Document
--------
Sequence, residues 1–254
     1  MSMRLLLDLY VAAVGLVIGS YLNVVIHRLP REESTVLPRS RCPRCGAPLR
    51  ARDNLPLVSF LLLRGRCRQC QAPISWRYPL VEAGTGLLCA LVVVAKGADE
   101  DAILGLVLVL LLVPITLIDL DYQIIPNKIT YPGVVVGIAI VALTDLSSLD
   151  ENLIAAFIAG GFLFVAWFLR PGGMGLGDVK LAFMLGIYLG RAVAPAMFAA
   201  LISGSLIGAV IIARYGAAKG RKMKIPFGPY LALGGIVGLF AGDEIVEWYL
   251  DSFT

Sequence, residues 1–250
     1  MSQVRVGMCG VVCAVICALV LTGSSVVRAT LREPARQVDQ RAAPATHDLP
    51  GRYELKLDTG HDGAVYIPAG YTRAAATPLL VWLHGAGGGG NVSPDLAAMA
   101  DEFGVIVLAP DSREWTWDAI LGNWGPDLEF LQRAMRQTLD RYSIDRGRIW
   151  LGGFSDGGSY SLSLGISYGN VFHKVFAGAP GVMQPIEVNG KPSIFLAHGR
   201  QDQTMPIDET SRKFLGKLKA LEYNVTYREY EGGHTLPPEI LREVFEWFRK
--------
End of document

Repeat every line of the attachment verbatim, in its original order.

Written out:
Sequence, residues 1–254
     1  MSMRLLLDLY VAAVGLVIGS YLNVVIHRLP REESTVLPRS RCPRCGAPLR
    51  ARDNLPLVSF LLLRGRCRQC QAPISWRYPL VEAGTGLLCA LVVVAKGADE
   101  DAILGLVLVL LLVPITLIDL DYQIIPNKIT YPGVVVGIAI VALTDLSSLD
   151  ENLIAAFIAG GFLFVAWFLR PGGMGLGDVK LAFMLGIYLG RAVAPAMFAA
   201  LISGSLIGAV IIARYGAAKG RKMKIPFGPY LALGGIVGLF AGDEIVEWYL
   251  DSFT

Sequence, residues 1–250
     1  MSQVRVGMCG VVCAVICALV LTGSSVVRAT LREPARQVDQ RAAPATHDLP
    51  GRYELKLDTG HDGAVYIPAG YTRAAATPLL VWLHGAGGGG NVSPDLAAMA
   101  DEFGVIVLAP DSREWTWDAI LGNWGPDLEF LQRAMRQTLD RYSIDRGRIW
   151  LGGFSDGGSY SLSLGISYGN VFHKVFAGAP GVMQPIEVNG KPSIFLAHGR
   201  QDQTMPIDET SRKFLGKLKA LEYNVTYREY EGGHTLPPEI LREVFEWFRK